What Working Women Want
Last year the median (or typical) woman worker made $15.10 an hour, while the median man made $18.11.
The persistent gender wage gap affects earners at all levels, high to low, from the boardroom on down. What’s to be done?
Though still large, the wage gap is smaller than it used to be. It began to narrow in the late 1970s, partly for good reasons. Thanks to the women’s movement and women’s organizing and agitation for equality, women were getting more education and more work experience, and moving into higher-paid occupations.
But for the entire bottom 60 percent of wage earners, there was a troubling dynamic—a big part of the closing of the gap occurred because men’s wages were falling.
This is clearly not the kind of improvement in the wage gap that actually helps women. In fact, lately wages for many women have been falling, too (see box).
At this point, what’s depressing most women’s wages is less the gap from men—and more the gap from the top 10%.
The dramatic rise in inequality that has kept wages down for most workers, women and men, for a generation does not have to continue. It has been driven by government policies that favor the already affluent, and these can be changed.
WHAT CAN WE DO?
Here are eight priorities for working women in 2014:
1. Restore and Bolster Public Services. In the short run, the urgent issue affecting women’s wages and job quality is high unemployment. It’s obviously a disaster for job seekers, but it also holds down wage growth for people with jobs, since employers don’t have to pay much to keep the workers they need when those workers lack options.
We need 7.6 million jobs to get back to pre-recession health of the labor market: 3.6 million for women and 4 million for men.
Businesses aren’t hiring because they have not seen demand for their goods and services pick up, so the most direct way to create jobs is to boost demand. A good start would be to reverse the savage austerity this country has undertaken, by reestablishing the public services and public sector jobs that were cut in the Great Recession.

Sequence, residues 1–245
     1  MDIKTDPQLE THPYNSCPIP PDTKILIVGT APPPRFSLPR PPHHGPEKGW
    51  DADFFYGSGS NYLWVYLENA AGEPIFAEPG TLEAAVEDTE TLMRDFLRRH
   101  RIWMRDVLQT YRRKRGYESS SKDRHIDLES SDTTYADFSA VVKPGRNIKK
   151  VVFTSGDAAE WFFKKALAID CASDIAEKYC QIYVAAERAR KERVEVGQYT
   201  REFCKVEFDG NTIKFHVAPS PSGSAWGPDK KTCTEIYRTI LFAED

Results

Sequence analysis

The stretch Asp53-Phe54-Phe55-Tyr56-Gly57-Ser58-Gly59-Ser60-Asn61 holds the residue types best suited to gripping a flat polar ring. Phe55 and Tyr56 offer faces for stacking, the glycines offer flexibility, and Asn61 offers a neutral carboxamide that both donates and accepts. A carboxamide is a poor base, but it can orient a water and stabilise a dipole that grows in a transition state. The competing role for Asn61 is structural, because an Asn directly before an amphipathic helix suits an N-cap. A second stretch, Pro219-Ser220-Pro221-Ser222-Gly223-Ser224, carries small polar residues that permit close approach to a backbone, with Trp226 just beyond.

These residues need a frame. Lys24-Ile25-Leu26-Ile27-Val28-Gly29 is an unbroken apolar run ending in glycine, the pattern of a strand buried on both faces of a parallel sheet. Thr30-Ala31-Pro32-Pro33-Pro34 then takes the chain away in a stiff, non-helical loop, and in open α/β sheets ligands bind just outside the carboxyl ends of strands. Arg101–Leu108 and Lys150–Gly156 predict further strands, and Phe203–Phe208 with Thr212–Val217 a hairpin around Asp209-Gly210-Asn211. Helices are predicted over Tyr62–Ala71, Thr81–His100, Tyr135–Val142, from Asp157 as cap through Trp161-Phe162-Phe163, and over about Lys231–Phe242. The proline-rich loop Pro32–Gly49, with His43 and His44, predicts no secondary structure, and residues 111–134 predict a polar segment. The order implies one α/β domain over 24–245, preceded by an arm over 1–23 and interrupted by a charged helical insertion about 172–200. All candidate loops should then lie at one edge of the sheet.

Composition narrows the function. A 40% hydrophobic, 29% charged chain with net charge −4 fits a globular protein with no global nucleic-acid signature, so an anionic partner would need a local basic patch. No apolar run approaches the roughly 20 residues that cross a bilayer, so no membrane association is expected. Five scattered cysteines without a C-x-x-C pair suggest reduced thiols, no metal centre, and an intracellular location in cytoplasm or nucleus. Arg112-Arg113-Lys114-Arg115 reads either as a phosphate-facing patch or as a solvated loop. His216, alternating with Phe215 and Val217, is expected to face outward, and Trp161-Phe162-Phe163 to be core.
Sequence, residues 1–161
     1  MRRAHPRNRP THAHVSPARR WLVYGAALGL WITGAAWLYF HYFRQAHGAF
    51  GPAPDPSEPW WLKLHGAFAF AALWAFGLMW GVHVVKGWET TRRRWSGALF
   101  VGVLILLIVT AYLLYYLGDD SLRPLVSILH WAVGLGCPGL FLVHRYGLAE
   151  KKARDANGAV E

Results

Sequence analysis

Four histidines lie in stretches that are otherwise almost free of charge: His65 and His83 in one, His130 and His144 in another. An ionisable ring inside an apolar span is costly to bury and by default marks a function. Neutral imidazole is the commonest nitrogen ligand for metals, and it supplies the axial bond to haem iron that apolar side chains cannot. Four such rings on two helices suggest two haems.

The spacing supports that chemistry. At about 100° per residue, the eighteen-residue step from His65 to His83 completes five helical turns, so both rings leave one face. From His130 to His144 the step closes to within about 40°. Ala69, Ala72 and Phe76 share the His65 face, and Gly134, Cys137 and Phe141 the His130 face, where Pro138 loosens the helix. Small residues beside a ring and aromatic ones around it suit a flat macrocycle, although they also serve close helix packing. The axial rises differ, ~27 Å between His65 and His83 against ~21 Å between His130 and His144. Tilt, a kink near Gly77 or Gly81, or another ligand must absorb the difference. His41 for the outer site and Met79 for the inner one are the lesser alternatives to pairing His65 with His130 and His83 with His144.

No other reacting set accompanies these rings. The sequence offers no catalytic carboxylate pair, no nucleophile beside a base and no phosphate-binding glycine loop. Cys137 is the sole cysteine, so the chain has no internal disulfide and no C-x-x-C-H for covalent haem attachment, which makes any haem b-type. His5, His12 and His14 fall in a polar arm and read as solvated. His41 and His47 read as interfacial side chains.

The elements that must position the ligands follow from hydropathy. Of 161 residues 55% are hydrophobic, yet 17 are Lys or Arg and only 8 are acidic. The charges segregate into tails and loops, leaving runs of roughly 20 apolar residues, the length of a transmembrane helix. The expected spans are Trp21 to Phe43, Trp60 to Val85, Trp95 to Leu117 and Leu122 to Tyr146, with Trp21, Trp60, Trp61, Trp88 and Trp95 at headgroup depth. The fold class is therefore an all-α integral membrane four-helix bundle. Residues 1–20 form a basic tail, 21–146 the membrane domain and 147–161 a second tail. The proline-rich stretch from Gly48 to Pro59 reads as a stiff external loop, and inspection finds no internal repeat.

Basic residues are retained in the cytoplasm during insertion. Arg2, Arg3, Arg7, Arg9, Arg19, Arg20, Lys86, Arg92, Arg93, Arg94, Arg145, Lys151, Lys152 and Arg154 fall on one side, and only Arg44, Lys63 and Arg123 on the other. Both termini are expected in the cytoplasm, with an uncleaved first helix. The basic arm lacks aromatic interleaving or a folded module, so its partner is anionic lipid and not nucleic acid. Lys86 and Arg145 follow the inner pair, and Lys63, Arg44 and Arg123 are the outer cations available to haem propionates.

But of course, for three decades leading up to the Great Recession, rising inequality was already blocking wage growth for low- and middle-wage workers. To reverse that trend, we should:
2. Increase the Minimum Wage. Its real value has eroded dramatically and is now more than 25 percent below its peak in the late 1960s. The Fair Minimum Wage Act would raise the minimum to $10.10 by 2016. Around 55 percent of those who would see a raise are women.
Further, the bill would raise the minimum for workers who earn tips—which has been frozen at $2.13 per hour for more than 20 years—to 70 percent of the minimum wage. Around 75 percent of tipped workers are women.
3. Unionize, and Defend the Unions We Have. The decline in unionization is one reason for the growing wage gap between low-wage and high-wage women. We need to update labor law to keep pace with increased employer aggressiveness in fighting unions, and shore up enforcement of existing law.
4. Enact Mandatory Paid Leave. A place to start would be paid sick leave for the almost 40 percent of private sector workers who lack the right to even a single paid sick day. (See here to read how a local coalition boosted paid sick day rights and the minimum wage in the D.C. area.)
5. Update Overtime Laws. The Fair Labor Standards Act is still using an old cut-off point beyond which employers don’t have to pay time-and-a-half for overtime. It allows workers making $455 per week or more—or $11.38 an hour for a 40-hour week—to be counted as salaried so they are exempt.
6. Win Immigration Reform with a Path to Citizenship. A large pool of easily exploitable workers with little bargaining power hurts not just their wages but also the wages of immigrant or native-born workers who do similar work.
7. Stop the Trans-Pacific Partnership. Our current trade agreements (and the new ones in the wings) reliably protect corporations while promoting a race to the bottom on labor standards. We need to make the rules governing globalization fairer to workers.
8. Tax the Rich. The income hikes for the top 1 percent—primarily corporate executives and financial professionals—have been far over and above what was needed to induce those people to do their work. This concentration of earnings at the top has been a key impediment to wage increases for the rest of us.
One obvious remedy is to significantly hike the marginal tax rates on high incomes, as California did in 2012.
Heidi Shierholz is an economist at the Economic Policy Institute in Washington, D.C. Join a women workers' meeting and plenty of workshops on tackling the above eight priorities at the Labor Notes Conference in Chicago April 4-6.